Physical and Mathematical Sciences is a broad sector, with many potential career paths for those with qualifications and suitable skillsets, including medical work, engineering, teaching, finance and technology.
The engineering sector itself is made up of a wide range of companies providing a diverse range of products and services.
The most usual route is through taking a degree at a third level college, often following this with a post graduate qualification.
Students can study mechanical engineering at Level 6, 7 or 8 in colleges across Ireland or they can study a general engineering degree then specialise in mechanical engineering in the final year.
Physicists want to understand how the world works, in every detail and at the deepest level. This includes everything from elementary particles, to nuclei, atoms, living cells, solids, liquids, gases, living organisms, the brain, supercomputers, the atmosphere, galaxies and the universe itself.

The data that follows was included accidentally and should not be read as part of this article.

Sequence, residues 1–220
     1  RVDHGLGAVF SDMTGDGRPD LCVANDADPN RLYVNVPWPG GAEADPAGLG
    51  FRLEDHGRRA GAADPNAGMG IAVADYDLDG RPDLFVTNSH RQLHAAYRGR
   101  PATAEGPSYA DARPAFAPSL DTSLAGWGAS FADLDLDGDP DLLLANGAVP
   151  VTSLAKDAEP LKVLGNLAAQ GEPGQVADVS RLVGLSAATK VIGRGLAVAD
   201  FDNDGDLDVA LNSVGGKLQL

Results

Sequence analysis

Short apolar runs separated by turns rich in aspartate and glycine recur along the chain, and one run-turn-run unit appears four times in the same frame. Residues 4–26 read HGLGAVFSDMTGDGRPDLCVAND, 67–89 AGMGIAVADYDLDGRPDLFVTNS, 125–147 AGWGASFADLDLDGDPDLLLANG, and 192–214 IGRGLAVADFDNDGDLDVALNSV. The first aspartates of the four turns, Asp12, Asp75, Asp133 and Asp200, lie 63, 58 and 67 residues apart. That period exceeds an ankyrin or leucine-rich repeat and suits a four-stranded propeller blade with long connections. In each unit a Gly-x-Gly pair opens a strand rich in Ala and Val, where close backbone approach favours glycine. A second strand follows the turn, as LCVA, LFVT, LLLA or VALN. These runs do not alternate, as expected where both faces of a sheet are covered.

There is a whole host of career opportunities for mechanical engineering graduates.
A wide range of opportunities exist in both electrical and electronic engineering.
Smart Futures is a government-industry programme providing science, technology, engineering andmaths (STEM) careers information to second-level students, parents, teachers and careers guidance counsellors in Ireland.
Who are the people who most influenced your career direction?
Describe a typical day?
Generally, my days consists of attending meetings, collaboration with other team members or cross functional teams, working closely with Quality and EHS teams for approval and guidance on ongoing projects, providing support for new product and process introductions, ensuring that all activities are documented in accordance with the Stryker new product development procedures. Data tracking, analysis and presenting current work.
What are the main tasks and responsibilities?